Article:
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Collins, Judy

songs folk hit album

Collins, Judy, folk-pop guitarist, pianist, and singer with a clear soprano voice; b. Seattle, Wash., May 1, 1939. Judy Collins moved as a child to Los Angeles, then Denver, Colo., with her family. She began classical piano lessons at the age of five, and studied for eight years under female symphony conductor Antonia Brico. Making her classical piano debut at 13, she took up guitar at 15 and began singing in Boulder, Colo., folk clubs at 19. At the beginning of the 1960s, Collins moved to Chicago, then N.Y., where she immersed herself in

the burgeoning Greenwich Village folk music scene. Signed to Elektra Records in 1961, she recorded two albums of standard folk fare before recording protest songs such as Bob Dylan’s “Masters of War” and Woody Guthrie’s “Deportees.” She subsequently began recording the songs by then-unknown songwriters. Concert contained Tom Paxton’s “The Last Thing on My Mind,” and her 5th Album included Richard Farina’s “Pack Up Your Sorrows,” Eric Andersen’s “Thirsty Boots,” and Gordon Lightfoot’s “Early Morning Rain,” as well as three Bob Dylan songs.

With In My Life, Judy Collins broke away from the folk singer role and established herself as a performer of a wide range of contemporary material. The album contained Dylan’s “Tom Thumb’s Blues,” Farina’s “Hard Lovin’ Loser” (her first albeit minor hit), Randy Newman’s “I Think It’s Gonna Rain Today,” and two Leonard Cohen songs. The popularity of one of those songs, “Suzanne,” effectively launched the musical career of poet and novelist Cohen. Wild/lowers, the best-selling album of her career, included two of her own songs, plus two more Cohen songs and two songs by Joni Mitchell. One of these, “Both Sides Now,” became Collins’s first major hit and spurred the career of Mitchell. Who Knows Where the Time Goes continued the presentation of outstanding contemporary material with the inclusion of Cohen’s “Bird on a Wire,” Robin Williamson’s “The First Boy (Girl) I Loved,” Ian Tyson’s “Someday Soon,” and Sandy Denny’s title song.

After Whales and Nightingales, which yielded her second major hit with the traditional gospel song “Amazing Grace,” and two other albums, Judy Collins withdrew from music to produce and codirect a documentary film on the life of her former piano teacher, Antonia Brico. The film, entitled Antonia: A Portrait of the Woman, premiered in September 1974 and garnered an Academy Award in 1975.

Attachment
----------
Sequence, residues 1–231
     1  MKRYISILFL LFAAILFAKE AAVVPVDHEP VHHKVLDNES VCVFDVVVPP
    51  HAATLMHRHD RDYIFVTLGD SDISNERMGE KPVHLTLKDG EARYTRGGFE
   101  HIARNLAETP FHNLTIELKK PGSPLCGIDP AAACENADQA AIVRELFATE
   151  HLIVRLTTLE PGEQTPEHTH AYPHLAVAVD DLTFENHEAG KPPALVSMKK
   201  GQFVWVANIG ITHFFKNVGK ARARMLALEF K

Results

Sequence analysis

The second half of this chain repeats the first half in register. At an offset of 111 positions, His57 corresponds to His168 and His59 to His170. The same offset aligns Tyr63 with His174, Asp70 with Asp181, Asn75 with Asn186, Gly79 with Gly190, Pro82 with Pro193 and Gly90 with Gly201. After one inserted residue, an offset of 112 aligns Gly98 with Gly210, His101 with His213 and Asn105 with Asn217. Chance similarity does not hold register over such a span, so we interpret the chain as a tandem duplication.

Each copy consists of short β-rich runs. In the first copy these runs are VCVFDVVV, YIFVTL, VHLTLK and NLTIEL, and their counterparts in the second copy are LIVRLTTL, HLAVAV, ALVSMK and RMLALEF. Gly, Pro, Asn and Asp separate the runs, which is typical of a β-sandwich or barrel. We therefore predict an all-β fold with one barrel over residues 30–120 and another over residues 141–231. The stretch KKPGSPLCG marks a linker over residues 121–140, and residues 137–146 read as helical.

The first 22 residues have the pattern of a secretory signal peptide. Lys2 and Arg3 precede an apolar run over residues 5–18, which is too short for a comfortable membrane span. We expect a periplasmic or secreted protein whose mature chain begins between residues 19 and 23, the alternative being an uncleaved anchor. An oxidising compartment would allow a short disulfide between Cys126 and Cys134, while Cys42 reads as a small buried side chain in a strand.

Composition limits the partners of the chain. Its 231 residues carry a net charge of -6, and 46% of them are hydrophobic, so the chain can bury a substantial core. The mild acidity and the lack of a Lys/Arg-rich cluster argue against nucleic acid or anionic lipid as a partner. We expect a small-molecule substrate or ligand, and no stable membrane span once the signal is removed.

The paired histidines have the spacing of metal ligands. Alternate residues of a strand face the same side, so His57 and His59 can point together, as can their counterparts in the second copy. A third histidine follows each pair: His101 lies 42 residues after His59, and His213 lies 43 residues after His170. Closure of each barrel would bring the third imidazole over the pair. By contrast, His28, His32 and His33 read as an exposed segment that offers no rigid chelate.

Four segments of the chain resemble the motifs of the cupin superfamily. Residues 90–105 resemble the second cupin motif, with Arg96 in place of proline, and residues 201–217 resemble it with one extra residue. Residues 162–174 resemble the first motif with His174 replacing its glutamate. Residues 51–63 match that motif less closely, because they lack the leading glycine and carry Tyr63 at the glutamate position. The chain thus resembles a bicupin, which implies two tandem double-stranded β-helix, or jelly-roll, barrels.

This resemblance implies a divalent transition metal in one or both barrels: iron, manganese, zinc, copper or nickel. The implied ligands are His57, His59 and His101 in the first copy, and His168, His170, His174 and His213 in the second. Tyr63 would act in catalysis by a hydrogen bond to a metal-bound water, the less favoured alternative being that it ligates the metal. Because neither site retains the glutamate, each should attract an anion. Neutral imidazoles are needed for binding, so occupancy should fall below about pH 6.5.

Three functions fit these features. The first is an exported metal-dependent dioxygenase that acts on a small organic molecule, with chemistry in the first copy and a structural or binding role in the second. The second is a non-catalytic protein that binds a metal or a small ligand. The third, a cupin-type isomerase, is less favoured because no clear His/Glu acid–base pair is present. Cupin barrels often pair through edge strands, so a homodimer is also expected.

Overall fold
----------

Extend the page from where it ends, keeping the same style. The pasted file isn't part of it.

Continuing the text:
Judy Collins moved fully into the pop field with her recording of Stephen Sondheim’s “Send in the Clowns,” a moderate hit in 1975 and a major hit upon re-release in 1977. She achieved a minor hit with “Hard Time for Lovers” in 1979, the year she debuted in the Nev. casino circuit.

She continued to perform six months a year, appearing with symphony orchestras and at concerts and supper clubs around the country. Following 1984’s Home Again, Elektra Records dropped Collins from its roster and she subsequently recorded two albums for the small Gold Castle label, including Trust Your Heart, which also served as the title to her autobiography. In 1990 Collins switched to Columbia for Fires of Eden, moving to Geffen for 1993’s Judy Sings Dylan . In 1995 Pocket Books published Judy Collins’s first novel, Shameless, the title of her second album for yet another label, Mesa Records.

Along with Joan Baez, Collins set the standard for female folk artists in the early 1960s. Popular as a protest singer after her second album, Collins demonstrated impeccable taste in her selection of material during the middle and late 1960s, popularizing the songs of then-obscure songwriters such as Gordon Lightfoot, Joni Mitchell, Randy Newman, Leonard Co hen, and others. She was instrumental in launching the career of Cohen and Mitchell with her recordings of “Suzanne” and “Both Sides Now” in 1966 and 1967, respectively. She matured into a cabaret-pop singer of the first rank.

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